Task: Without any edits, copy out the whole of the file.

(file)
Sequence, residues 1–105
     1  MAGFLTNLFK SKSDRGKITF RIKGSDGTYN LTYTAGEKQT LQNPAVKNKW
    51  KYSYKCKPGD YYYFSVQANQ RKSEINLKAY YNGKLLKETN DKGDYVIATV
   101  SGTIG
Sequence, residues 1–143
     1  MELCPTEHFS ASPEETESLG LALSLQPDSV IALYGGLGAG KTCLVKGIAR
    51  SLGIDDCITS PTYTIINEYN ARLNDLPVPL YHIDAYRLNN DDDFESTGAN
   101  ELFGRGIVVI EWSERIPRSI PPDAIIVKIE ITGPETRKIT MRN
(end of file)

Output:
Sequence, residues 1–105
     1  MAGFLTNLFK SKSDRGKITF RIKGSDGTYN LTYTAGEKQT LQNPAVKNKW
    51  KYSYKCKPGD YYYFSVQANQ RKSEINLKAY YNGKLLKETN DKGDYVIATV
   101  SGTIG
Sequence, residues 1–143
     1  MELCPTEHFS ASPEETESLG LALSLQPDSV IALYGGLGAG KTCLVKGIAR
    51  SLGIDDCITS PTYTIINEYN ARLNDLPVPL YHIDAYRLNN DDDFESTGAN
   101  ELFGRGIVVI EWSERIPRSI PPDAIIVKIE ITGPETRKIT MRN